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Coordinate Transformations
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Introduction
Coordinate transformations are nonintuitive enough in 2-D, and positively painful in 3-D. This page tackles them in the following
order: (i) vectors in 2-D, (ii) tensors in 2-D, (iii) vectors in 3-D, (iv) tensors in 3-D, and finally (v) 4th rank tensor transforms.

A major aspect of coordinate transforms is the evaluation of the transformation matrix, especially in 3-D. This is touched on here,
and discussed at length on the next page.

It is very important to recognize that all coordinate transforms on this page are rotations of the coordinate system while the object
itself stays fixed. The "object" can be a vector such as force or velocity, or a tensor such as stress or strain in a component. Object
rotations are discussed in later sections.

2-D Coordinate Transforms of Vectors

The academic potato provides an excellent example of how coordinate transformations apply to vectors, while at the same time
stressing that it is the coordinate system that is rotating and not the vector... or potato.

The potato on the left has a vector on it. But without a coordinate system, there is no way to describe the vector. So a coordinate
system has been added to the potato as shown on the right, allowing the vector to now be described as v = 2i + 9j.

v = 2i+9j

So now we introduce a rotated coordinate system shown in blue below, using x′ and y ′ . The new system is rotated counter-
clockwise by an angle, θ, from the initial coordinate system. Note that the vector itself does not change at all. It is still the very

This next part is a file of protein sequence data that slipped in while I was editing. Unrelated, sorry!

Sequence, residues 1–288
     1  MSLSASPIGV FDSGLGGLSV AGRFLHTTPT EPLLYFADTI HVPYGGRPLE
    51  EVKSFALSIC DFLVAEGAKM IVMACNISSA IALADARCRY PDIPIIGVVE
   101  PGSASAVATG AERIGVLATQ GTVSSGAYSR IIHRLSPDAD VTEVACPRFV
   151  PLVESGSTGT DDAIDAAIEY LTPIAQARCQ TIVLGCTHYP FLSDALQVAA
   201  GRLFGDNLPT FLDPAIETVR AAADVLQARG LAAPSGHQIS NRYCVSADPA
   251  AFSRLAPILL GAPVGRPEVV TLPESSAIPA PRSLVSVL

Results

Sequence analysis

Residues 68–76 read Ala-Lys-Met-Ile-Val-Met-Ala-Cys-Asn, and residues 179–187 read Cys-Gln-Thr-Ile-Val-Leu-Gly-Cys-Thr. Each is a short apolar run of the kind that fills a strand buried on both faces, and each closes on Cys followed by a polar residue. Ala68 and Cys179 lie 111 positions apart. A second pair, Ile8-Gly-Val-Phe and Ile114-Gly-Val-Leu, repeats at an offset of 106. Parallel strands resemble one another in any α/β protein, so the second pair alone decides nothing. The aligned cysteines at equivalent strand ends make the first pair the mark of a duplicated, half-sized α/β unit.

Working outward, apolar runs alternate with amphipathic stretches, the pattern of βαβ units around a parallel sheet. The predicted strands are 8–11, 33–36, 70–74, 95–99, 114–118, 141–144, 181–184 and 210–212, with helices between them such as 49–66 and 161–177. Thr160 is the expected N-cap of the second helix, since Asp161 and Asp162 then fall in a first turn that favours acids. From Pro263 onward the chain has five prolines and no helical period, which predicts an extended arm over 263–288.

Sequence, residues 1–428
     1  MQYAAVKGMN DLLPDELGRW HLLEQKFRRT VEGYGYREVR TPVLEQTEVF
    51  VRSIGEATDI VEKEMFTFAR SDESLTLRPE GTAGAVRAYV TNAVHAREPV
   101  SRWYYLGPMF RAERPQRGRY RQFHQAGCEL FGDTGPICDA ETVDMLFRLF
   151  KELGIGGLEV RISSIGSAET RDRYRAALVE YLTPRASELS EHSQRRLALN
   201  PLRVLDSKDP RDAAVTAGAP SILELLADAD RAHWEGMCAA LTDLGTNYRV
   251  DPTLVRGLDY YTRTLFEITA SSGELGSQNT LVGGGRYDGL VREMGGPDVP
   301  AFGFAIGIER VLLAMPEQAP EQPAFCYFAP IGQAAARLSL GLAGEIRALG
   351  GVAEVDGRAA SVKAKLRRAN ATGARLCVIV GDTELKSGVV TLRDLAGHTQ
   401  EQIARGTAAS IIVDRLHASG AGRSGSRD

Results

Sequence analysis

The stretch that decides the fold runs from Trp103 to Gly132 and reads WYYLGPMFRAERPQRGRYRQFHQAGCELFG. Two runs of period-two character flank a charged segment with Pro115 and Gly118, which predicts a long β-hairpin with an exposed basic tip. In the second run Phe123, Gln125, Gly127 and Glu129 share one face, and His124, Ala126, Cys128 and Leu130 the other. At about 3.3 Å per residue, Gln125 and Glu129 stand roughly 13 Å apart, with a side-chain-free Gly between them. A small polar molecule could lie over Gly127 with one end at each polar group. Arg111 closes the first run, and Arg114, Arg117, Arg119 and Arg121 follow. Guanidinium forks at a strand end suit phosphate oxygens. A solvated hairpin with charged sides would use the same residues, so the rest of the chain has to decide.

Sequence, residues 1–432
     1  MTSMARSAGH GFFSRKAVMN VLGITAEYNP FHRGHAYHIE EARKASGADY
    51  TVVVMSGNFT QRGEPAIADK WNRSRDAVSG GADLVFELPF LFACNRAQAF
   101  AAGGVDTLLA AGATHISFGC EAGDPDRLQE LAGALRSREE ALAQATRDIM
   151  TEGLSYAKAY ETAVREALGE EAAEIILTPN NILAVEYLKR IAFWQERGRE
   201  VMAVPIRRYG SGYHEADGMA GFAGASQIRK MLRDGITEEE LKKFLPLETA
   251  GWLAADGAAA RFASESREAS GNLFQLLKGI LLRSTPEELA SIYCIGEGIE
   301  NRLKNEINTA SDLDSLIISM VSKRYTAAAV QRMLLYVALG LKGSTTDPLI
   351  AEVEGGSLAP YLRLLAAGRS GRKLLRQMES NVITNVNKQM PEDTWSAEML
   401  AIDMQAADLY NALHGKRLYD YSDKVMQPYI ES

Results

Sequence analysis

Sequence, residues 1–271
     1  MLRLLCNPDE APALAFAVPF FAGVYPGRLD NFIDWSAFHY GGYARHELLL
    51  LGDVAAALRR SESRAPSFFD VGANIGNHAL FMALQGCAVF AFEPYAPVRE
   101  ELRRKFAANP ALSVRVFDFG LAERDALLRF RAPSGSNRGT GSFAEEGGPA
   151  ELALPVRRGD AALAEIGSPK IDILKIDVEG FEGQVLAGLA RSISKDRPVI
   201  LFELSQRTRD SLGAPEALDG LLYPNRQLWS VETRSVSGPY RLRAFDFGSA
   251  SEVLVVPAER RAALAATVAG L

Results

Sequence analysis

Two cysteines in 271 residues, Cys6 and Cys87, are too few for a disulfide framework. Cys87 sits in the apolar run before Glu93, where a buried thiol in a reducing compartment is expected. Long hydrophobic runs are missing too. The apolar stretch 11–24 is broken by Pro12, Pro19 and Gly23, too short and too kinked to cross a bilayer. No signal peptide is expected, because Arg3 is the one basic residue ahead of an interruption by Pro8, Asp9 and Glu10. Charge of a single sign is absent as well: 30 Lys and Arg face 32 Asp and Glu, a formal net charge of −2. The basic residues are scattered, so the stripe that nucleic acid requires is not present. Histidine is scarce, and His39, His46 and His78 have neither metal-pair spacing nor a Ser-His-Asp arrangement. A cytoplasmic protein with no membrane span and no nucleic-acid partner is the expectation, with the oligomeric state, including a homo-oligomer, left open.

same vector as before. But it is described by different numerical values in the new coordinate system. In this case, the vector is
more closely parallel to the new x′ axis than the y ′ axis, so the i′ component will be greater than the j′ component. The
transformation is given below the figure.

v = vxi'+vyj'

y' y
x'
-
O
x

The 2-D vector transformation equations are

vx = vx cos θ + vy sin θ

vy = −vx sin θ + vy cos θ

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the part of vx that lies along the x′ axis is vx cos θ

the part of vy that lies along the x′ axis is vy sin θ
the part of vx that lies along the y ′ axis is −vx sin θ
the part of vy that lies along the y ′ axis is vy cos θ

These four factors make up the four terms in the transformation equations. They are easily checked by setting θ = 0

and
θ = 90 . When θ = 0 , then vx = vx and vy = vy . When θ = 90 , then vx = vy and vy = −vx .
∘ ∘ ′ ′ ∘ ′ ′

Returning to the Potato...

So, if θ = 50

, then

′ ∘ ∘
vx = 2 cos 50 + 9 sin 50 = 8.18

′ ∘ ∘
vy = −2 sin 50 + 9 cos 50 = 4.25

The v′x component is indeed greater than the v′y component as expected.

Transformation Matrix

It is more convenient to write (and work with) transformation equations using matrices.

vx cos θ sin θ vx
{ } = [ ]{ }

vy − sin θ cos θ vy

The cos θ terms are on the matrix diagonal while the sin θ terms are off-diagonal. The only potential gotcha is remembering which
sin θ term has the minus sign on it. It is always the lower-left term.

v = Q ⋅ v

! Transformation vs Rotation Matrices

If this topic weren't already difficult enough, many books and websites add to the confusion by not clarifying what is